Bear Roaming Residential Area Near Megan and Henry’s California Home

Bear alert California

A bear warning has been issued for residential areas in California1

Prince Harry and Meghan Markle have reportedly been warned about a large bear that has been seen roaming near their new Montecito home in Santa Barbara, California home.

According to sources, the bear poses a serious risk and a  local association has warned a bear has been spotted in the area and that residents should not confront it.

CCTV footage shows the bear prowling around neighbors’ homes, and is said to have attacked chickens and rifled through bins.

The local sheriff’s department is are calling for “a humane trap” so the bear can be relocated. A spokesperson issued a statement saying, “The bear likely lives in Ranchos San Carlos, which recently sold.

“There may be new activity on the ranch that is disturbing the bear and setting it off into the community.”

Unfortunately, this can mean bears become used to food associated with humans, and the animals can be killed as a result.

Justin Bieber Keeps Bears Away ‘BABY’

Reports of wayward black bears are keeping the California Department of Fish and Wildlife’s (CDFW) biologists, wildlife officers and other public safety personnel busy across the state this month. Numerous bears have recently been spotted in urban areas, occasionally requiring human intervention to return them back to wild habitat.

Common questions:

(1) Has there been an increase in the number of bears entering residential areas?

There is a definite uptick in bear activity, which occurs every year around this time, all across the state. In most instances, we’re witnessing the dispersal of young male black bears. Young bears typically spend about two years with their mother, after which the mother chases off her young male offspring in the spring to fend for themselves. The behavior itself is not unusual for the time of year.

Nature provides these youngsters with the best chance of survival as they are turned out on their own at a time of year when food and water resources on the landscape are the most available and plentiful.

Black bears typically prefer remote, mountainous areas far away from people. Still, these young, dispersing male bears are learning to survive on their own for the first time and are out seeking new territory to call their own. They sometimes take a wrong turn or end up somewhere they are not supposed to be – in a residential neighborhood or in the middle of town, for instance – at which point CDFW and emergency responders will help return these animals to wild habitat if they can’t make it out on their own.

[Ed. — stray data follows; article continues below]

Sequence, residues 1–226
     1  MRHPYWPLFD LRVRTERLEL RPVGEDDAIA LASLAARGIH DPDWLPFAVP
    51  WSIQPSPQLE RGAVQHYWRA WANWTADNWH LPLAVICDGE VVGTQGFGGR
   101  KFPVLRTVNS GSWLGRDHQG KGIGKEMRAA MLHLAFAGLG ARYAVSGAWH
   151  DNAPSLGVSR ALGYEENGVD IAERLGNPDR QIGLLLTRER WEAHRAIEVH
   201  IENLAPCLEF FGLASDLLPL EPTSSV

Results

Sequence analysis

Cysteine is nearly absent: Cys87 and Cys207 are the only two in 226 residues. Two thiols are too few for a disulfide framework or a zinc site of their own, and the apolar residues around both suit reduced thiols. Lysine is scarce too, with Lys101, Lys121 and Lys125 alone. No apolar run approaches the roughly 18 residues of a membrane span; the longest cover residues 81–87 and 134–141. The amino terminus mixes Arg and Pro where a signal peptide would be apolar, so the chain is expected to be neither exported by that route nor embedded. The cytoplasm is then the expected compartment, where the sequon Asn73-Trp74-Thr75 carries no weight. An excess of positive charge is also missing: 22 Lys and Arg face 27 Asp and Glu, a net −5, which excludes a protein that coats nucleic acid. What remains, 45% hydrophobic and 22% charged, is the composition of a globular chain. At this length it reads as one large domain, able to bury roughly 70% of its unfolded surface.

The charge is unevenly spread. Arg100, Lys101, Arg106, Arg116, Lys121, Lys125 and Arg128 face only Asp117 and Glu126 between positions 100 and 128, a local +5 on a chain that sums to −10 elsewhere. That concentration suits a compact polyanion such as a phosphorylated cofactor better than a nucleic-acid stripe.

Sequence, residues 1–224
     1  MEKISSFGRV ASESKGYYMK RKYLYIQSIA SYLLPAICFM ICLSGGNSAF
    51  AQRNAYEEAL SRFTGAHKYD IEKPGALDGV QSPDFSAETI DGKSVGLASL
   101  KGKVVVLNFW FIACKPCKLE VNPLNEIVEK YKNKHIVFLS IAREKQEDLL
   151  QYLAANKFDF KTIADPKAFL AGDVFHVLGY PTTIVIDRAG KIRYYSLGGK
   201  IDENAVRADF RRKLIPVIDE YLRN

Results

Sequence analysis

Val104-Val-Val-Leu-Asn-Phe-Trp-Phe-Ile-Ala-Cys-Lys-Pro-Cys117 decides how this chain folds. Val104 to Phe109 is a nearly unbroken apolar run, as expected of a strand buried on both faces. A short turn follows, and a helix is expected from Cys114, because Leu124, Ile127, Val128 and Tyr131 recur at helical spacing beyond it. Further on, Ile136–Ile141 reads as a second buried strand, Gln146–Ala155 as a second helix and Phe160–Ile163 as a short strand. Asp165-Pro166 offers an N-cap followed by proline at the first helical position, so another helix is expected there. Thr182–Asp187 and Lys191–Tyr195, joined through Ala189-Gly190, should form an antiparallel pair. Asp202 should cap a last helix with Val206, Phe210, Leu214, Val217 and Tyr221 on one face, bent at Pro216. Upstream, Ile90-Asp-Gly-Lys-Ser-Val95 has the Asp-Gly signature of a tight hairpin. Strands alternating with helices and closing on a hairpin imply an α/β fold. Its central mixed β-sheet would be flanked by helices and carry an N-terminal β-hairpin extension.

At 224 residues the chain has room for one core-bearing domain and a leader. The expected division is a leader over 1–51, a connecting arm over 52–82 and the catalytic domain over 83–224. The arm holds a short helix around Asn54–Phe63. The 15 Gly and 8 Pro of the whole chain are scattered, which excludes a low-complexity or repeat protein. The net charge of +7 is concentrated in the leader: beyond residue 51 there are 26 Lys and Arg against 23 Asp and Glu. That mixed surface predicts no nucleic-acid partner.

(2) The bear removed from a tree in downtown Napa last week was an adult weighing more than 200 pounds. What was that bear doing?

California’s black bears of all ages are waking up hungry from their winter downtime and are out actively searching for food. Adult bears may also be out searching for mates. There is more bear activity across the state this time of year and sometimes the adults end up in the wrong place, too.

The Napa bear stuck up a tree in the middle of the city was there because it was where it felt safest after being scared by its surroundings. The bear might have waited out the day and left undetected at night on its own except that it had been spotted and a large crowd had gathered under the tree. Fortunately, CDFW with help from the local fire department was able to tranquilize the bear, safely remove it from the tree, provide a quick health check, and release it to wild habitat once the tranquilizer drugs had worn off.

Even when bears are spotted in populated and residential communities, the bears will typically and happily find their way back to wild habitat on their own without any kind of assistance. Only when a bear becomes stuck in a situation where it can’t escape or is in danger of harming itself or others will CDFW typically intervene to remove the bear and safely return it to wild habitat.

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